Ikner said that following the pandemic he has seen employers increasing compensation offers to workers who hold certifications. He said that it is important for employers in general to understand that—compared with previous eras—these workers might not have four-year degrees, but they have more options.

“Many high school grads are seeking careers that interest them in IT, project management, sales, architecture, plumbing and electrical work,” Ikner said. “These jobs and careers are well-paying, and there is no burden of four-year school loans that eat into your paycheck. By tapping into this talent pool, businesses can benefit from a more diverse and innovative team.”

James "Jamey" Kelly, a former police officer, is a certified medical assistant at University Health's Lakewood campus in Lee's Summit, Missouri.

Inside a career shift

For his part, Kelly said he doesn’t regret the change to a healthcare career despite the fact that he comes from a long line of lawmen on both parents’ sides of the family. Varying family experiences with healthcare set the foundation for the switch, even if he didn’t always realize it. For example, his sister once worked in medical billing, and his mother served as a counselor in a Wichita area health clinic serving low-income patients.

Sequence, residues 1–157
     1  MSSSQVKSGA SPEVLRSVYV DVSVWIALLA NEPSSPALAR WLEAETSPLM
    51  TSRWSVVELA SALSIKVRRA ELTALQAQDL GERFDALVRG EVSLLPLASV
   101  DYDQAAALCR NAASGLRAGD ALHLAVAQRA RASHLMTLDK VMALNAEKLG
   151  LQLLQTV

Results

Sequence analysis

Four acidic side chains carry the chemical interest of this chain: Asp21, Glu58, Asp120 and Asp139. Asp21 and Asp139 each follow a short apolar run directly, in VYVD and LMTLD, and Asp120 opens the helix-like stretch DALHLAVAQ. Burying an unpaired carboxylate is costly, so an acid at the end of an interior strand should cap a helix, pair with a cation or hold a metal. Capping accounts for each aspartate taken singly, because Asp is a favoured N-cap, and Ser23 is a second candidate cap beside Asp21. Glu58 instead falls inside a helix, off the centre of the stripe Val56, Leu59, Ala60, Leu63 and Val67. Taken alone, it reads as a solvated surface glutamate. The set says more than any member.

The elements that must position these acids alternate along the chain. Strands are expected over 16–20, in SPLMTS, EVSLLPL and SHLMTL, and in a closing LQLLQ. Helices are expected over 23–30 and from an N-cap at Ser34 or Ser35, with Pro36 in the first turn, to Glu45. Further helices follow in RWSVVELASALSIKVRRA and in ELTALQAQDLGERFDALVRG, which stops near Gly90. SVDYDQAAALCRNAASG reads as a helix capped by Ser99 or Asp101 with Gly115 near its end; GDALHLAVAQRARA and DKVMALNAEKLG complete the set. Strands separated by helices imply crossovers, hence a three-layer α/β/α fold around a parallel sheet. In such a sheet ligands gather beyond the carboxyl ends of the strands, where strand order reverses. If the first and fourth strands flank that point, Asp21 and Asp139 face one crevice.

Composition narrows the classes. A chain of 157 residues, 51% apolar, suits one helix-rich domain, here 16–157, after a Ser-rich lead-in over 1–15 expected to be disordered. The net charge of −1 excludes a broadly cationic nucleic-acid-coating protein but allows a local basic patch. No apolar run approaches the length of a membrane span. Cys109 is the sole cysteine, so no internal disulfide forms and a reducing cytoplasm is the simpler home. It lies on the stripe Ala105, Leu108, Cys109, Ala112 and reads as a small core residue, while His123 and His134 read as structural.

At age 8, Kelly was diagnosed as a Type 1 diabetic, meaning that he had to learn to inject insulin. Later, his mother would invite him to speak to youth groups at the clinic as part of diabetes awareness and outreach efforts. Kelly now wears a continuous glucose monitor to help manage his health, and he freely shares his experiences as a way to enlighten others about the condition. “I tell my story frequently to patients, my co-worker and friends,” he said. Kelly also said that his career decision was heavily influenced by the care provided to his daughter (now 12 years old) when she faced a serious medical condition as an infant. Those interactions with doctors, nurses and staff “changed my mentality,” he said.

When he decided to move on from criminal justice classes, he found a program at Wellspring School of Allied Health in Kansas City that offered two healthcare certifications on an accelerated track.

“I am a CMA through the American Association of Medical Assistants, and I completed certification through the National Association of Health Professionals as a Nationally Certified Registered Medical Assistant,” Kelly said. “The healthcare field offers a lot of positive things: Some of the best medical insurance available, great flexibility and readily available positions worldwide… My options are limitless as a medical assistant.”

Kelly’s duties day to day can range from recording patients’ vital signs and medical histories to coordinating information pertaining to medical records, test results and medication as needed by physicians and pharmacists.

“My education and hands-on schooling gave me confidence to hit the ground running in our hospital,” he said.